Coro Vivo Ottawa Christmas Concert – Tony’s notes

Imagine a sere, hard-scrabble hillside outside of Bethlehem more than two millennia ago. Imagine a moonless night unsullied by industry, a gloom as dark as sin. Now, look up.

The sky above Judea when Herod I was the client king of Rome would have been magnificent by modern standards. Not just pinpricks of light in vaguely recognizable patterns, but billions of stars, literally a galaxy: our Milky Way. You might say that the light of these stars was a response to the darkness; in bright daylight they were unseen, seemingly nonexistent.

In the Christian tradition, the messiah is a response to the moral murk enveloping humankind. Jesus is described  as “the Light that shineth in the darkness,” in the gospel of St. John. It is not surprising, then, that lights in the night sky play a significant role in the story of the nativity (the star that guided the Magi to the manger, the radiance that shone around the herald angels), and have played a part in the Christmas celebration ever since.

Many faiths and cultures celebrate light as the nights grow darker and colder. The menorah of Hanukkah, the diya lamps of Diwali and even the Yule log of pre-Christian European traditions express sentiments akin to those of a brightly lit Christmas tree.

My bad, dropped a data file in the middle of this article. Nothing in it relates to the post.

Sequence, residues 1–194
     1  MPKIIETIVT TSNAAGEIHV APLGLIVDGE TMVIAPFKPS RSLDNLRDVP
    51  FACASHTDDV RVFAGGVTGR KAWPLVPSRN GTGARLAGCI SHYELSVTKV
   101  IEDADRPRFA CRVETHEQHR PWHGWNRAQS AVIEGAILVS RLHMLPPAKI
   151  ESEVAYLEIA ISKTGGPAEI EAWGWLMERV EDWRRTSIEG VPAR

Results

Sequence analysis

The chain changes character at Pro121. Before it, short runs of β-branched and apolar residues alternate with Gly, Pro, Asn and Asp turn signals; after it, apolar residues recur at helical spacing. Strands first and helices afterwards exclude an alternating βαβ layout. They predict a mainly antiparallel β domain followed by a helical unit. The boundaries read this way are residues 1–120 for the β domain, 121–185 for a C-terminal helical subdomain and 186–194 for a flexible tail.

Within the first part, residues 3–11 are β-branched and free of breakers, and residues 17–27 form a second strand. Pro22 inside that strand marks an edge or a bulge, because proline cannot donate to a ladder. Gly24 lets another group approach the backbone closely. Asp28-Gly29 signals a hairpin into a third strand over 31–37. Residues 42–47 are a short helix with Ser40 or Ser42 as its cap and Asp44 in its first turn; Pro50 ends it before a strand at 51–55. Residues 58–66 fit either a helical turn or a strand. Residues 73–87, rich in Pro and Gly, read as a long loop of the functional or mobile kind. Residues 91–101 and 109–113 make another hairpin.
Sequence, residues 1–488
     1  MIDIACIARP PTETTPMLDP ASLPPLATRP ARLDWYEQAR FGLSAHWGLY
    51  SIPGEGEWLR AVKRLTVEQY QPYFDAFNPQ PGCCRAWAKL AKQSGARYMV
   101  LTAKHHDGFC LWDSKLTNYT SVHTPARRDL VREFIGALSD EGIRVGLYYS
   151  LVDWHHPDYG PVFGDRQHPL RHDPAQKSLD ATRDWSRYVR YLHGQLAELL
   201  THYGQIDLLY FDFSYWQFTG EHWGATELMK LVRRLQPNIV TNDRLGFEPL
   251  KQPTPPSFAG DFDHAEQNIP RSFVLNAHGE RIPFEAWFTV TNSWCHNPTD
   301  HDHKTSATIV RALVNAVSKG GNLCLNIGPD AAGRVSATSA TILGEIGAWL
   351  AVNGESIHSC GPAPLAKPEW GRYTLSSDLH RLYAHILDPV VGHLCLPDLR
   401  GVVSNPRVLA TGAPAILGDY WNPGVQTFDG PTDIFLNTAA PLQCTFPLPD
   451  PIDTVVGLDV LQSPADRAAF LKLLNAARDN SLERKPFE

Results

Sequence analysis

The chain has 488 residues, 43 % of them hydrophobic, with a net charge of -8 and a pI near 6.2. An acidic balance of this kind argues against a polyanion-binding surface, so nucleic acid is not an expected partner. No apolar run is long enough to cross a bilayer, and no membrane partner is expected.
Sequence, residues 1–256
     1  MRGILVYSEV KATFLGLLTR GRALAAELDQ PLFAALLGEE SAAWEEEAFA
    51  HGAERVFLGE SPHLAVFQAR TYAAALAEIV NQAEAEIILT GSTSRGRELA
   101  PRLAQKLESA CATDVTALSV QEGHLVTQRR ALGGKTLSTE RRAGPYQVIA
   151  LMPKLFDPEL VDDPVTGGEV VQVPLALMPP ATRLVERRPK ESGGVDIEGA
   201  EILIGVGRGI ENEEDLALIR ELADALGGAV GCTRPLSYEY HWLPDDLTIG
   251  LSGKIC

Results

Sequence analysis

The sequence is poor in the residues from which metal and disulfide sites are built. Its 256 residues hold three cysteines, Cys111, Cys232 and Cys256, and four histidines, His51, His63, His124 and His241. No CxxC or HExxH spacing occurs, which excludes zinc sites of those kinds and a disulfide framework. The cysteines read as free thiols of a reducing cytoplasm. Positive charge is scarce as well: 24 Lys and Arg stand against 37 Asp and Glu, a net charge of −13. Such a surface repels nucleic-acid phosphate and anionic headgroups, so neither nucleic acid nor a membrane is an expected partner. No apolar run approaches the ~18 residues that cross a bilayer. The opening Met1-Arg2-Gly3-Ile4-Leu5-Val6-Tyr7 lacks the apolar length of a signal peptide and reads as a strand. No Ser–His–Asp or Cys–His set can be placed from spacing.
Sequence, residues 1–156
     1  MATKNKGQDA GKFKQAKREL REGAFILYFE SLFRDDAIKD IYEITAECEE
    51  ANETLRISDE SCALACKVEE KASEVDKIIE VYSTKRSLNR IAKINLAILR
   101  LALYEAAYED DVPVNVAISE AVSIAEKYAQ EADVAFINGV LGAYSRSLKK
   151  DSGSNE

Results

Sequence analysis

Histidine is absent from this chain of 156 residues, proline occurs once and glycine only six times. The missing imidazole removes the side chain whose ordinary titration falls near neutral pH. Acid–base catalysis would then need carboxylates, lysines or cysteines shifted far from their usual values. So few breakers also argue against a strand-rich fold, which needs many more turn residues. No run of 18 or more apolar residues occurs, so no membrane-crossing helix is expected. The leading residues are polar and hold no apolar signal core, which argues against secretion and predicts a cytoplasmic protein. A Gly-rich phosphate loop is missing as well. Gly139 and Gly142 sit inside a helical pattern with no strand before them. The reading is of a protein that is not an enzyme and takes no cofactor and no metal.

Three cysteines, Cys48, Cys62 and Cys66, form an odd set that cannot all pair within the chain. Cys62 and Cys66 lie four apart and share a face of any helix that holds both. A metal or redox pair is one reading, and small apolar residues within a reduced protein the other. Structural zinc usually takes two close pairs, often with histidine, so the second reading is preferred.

In a world still circumscribed by a pandemic, the voices we raise tonight are like stars, little pinpricks of hope when weariness and dismay seem more likely responses. Tonight we sing of the stars and of Christmas in defiance of adversity.


  The composer of our first piece is no stranger to celestial bodies. Gustav Holst is best known for his orchestral suite The Planets, but tonight we sing his 1910 fantasy Christmas Day, a stirring arrangement of three traditional carols: Good Christian Men, Rejoice, God Rest Ye Merry Gentlemen and the lesser-known Come Ye Lofty, Come Ye Lowly. Listen, too, for the strains of The First Nowell woven into the fabric of the work.

Star-gazing can seem like a sacrament, even to the non-religious. The night sky inspires both awe and tranquility. Our next piece, Night on a Starry Hill, by Ottawa composer Matthew Emery, is a recent setting of the early 20th-century poem Finis, by Canadian poet Marjorie Pickthall. The song’s sonorous ebb and flow frame three verses that sum up a contented life leading to a “night on a starry hill, and the road’s ending.”